6 min readJan 30, 2022


What are the determinants of the effectiveness of monetary policy in Indonesia

Monetary policy is the process of regulating a country’s money supply to achieve certain goals, such as holding back inflation, achieving full employment or being more prosperous. Monetary policy can involve setting standard loan interest rates, “margin requirements”, capitalization for banks or even acting as a last-ditch borrower or through negotiations with other governments.

Monetary policy is basically a policy that aims to achieve internal balance (high economic growth, price stability, equitable development) and external balance (balance of payments balance) and the achievement of macroeconomic objectives, namely maintaining economic stability which can be measured by employment opportunities, stability international prices and balance of payments.

If stability in economic activity is disturbed, then monetary policy can be used to restore it (stabilization measures). The effect of monetary policy will be felt first by the banking sector, which is then transferred to the real sector. Monetary policy is an effort to achieve a high level of economic growth in a sustainable manner while maintaining price stability.

To achieve this goal, the Central Bank or Monetary Authority tries to regulate the balance between the money supply and the supply of goods so that inflation can be controlled, full employment opportunities are achieved and smooth supply or distribution of goods is achieved. Monetary policy is carried out, among others, by one of but not limited to the following instruments, namely interest rates, minimum statutory reserves, intervention in the foreign exchange market and as a last resort for banks to borrow money in case of liquidity problems.

The determinants of the effectiveness of monetary policy are basically determined by two things, namely the elasticity of investment spending to the interest rate and the elasticity of demand for money to the interest rate.

The term monetary policy itself has a meaning, namely decisions taken by the government in order to support economic activity by determining the amount of money circulating in the community.

According to Law no. 23 of 1999 concerning Monetary Policy of Bank Indonesia, the main objective of monetary policy is to maintain stability and availability of money in a country.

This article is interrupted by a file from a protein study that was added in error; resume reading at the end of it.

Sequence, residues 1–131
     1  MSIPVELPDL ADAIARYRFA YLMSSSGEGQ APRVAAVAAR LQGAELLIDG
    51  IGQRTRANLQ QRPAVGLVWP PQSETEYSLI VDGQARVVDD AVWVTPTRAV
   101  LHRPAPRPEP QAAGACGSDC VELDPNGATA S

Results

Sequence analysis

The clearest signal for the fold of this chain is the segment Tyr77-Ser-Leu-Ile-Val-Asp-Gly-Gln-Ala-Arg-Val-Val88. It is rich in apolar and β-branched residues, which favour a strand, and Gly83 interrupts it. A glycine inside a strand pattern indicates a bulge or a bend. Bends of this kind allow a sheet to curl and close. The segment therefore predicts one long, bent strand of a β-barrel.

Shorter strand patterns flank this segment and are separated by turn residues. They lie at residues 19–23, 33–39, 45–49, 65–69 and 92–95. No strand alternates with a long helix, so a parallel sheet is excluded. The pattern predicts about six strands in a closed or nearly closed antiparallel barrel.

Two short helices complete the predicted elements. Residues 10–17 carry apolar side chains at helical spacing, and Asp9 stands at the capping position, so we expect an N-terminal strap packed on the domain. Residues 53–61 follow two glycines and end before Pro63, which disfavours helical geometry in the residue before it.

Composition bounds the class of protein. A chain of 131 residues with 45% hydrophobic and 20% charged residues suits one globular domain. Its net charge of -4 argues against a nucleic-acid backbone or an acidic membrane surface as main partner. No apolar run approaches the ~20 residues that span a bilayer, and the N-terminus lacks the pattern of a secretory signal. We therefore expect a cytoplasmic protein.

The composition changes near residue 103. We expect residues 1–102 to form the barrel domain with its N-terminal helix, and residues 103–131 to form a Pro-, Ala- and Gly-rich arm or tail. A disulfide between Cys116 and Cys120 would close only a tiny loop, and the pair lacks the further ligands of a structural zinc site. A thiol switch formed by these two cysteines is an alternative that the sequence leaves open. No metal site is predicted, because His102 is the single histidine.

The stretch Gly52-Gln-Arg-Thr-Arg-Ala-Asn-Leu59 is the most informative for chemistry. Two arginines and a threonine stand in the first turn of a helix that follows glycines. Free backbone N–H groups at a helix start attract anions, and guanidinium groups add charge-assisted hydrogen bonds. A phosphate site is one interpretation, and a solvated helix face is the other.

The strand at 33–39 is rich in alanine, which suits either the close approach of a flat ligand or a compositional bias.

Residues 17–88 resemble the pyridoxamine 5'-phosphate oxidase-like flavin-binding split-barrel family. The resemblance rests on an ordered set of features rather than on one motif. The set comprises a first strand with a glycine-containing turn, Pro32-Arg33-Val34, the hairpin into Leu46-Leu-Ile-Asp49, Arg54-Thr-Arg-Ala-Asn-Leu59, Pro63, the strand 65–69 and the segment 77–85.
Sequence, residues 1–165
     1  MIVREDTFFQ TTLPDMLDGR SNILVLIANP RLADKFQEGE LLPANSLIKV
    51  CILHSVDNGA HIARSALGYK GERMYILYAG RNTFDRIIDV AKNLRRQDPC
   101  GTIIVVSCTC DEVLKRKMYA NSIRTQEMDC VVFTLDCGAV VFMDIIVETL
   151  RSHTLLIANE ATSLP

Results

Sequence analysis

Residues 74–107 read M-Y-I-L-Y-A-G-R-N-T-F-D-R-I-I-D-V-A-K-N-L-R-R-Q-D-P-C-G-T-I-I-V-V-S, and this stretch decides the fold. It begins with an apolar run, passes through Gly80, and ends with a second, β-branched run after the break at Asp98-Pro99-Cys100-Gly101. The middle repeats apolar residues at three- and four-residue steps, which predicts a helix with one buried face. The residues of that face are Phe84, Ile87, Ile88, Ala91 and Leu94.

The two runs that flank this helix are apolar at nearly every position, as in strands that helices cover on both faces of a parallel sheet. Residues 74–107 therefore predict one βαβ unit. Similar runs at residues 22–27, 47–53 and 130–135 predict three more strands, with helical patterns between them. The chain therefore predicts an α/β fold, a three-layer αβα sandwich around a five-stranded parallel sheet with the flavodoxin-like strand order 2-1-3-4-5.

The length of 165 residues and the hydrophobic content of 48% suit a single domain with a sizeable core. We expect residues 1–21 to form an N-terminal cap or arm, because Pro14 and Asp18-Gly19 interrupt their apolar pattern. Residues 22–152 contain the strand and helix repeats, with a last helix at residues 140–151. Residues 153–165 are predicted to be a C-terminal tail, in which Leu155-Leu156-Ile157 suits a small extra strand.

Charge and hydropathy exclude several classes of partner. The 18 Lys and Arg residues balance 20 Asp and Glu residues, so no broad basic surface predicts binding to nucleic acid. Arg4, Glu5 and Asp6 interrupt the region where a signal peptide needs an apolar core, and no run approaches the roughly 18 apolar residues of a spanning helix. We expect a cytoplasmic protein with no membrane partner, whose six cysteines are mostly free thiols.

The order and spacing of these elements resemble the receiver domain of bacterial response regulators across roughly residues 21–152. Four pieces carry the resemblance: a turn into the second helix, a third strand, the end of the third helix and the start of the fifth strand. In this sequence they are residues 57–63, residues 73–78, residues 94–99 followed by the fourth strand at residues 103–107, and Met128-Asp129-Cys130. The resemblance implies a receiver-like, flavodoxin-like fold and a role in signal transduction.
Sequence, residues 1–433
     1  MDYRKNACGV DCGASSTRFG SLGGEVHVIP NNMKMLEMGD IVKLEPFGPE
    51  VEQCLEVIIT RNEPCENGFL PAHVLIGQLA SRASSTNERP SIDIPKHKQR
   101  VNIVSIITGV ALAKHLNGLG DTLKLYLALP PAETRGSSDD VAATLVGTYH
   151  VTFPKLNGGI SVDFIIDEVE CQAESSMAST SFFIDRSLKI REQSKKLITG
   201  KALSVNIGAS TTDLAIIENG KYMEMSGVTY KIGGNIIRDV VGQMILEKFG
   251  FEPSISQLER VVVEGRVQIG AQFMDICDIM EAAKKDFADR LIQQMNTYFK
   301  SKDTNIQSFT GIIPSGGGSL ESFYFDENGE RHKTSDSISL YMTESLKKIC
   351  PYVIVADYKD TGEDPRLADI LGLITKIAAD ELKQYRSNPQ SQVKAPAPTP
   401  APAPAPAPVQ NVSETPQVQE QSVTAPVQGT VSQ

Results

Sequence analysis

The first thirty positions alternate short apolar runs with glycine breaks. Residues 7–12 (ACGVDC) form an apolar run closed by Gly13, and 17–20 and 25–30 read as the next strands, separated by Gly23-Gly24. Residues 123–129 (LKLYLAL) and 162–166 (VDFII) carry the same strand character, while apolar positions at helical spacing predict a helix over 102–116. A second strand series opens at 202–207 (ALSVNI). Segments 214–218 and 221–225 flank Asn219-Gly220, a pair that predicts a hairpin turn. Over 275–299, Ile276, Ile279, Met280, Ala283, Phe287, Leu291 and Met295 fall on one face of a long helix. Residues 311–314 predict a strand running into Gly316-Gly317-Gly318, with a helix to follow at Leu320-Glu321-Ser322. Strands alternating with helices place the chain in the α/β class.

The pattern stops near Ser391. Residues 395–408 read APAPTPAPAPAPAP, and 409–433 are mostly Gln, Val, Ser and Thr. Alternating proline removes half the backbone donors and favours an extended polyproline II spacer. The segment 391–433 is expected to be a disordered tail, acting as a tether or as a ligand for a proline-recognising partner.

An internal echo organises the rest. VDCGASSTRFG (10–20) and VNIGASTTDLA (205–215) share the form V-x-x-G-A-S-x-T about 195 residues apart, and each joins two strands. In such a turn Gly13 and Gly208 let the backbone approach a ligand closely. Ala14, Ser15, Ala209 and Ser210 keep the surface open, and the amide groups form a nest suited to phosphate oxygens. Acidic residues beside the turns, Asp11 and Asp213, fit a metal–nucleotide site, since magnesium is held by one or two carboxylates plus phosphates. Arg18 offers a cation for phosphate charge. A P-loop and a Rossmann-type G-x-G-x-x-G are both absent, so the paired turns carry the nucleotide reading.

In fact, it is not only monetary policy that is useful for the Indonesian economy. There are also other policies, such as fiscal policy, discount policy, and so on. Before discussing the determinants of the effectiveness of monetary policy, first identify what is meant by monetary policy and its objectives.

About Monetary Policy

Quoting from the official website of Learning Resources: Ministry of Education and Culture, monetary policy is a government action that affects the economy by determining the amount of money in circulation.

There are two types of monetary policy, namely expansionary monetary policy and contractionary monetary policy, see the explanation below:

1. Ekspansive Monetary Policy

Expansive monetary policy, often called easy money policy, is a policy that regulates the amount of money supplied to the economy. This is done by lowering interest rates, buying government securities by the central bank, and lowering reserve requirements for banks. Expansive policies will also reduce the unemployment rate and stimulate business activity or consumer spending activities.

Overall in all countries, the objective of expansionary monetary policy is to increase economic growth with the risk of higher inflation. Expansive monetary policy is primarily to increase the money circulating in the community so that the wheels of the economy run faster. This policy is able to increase people’s purchasing power (demand) and reduce the number of unemployed when the economy experiences a recession or depression. Expansive monetary policy also affects the unemployment rate in a country.

For example, expansionary policies are usually applied to reduce unemployment because the availability of large amounts of money will stimulate business activities so that the labor market is getting bigger. With fiscal authority, the central bank controls the exchange rate of the domestic currency (Rupiah) against foreign currencies. A concrete example is that Bank Indonesia increased the money supply by issuing more printed notes. The Rupiah currency is cheaper than the currencies of other countries.

Learn about other monetary policies in Indonesia through the case studies discussed in the book Monetary Economics by Prof. Dr. Haryo Kuncoro, S.E., M.SI.

2. Kebijakan Moneter Kontraktif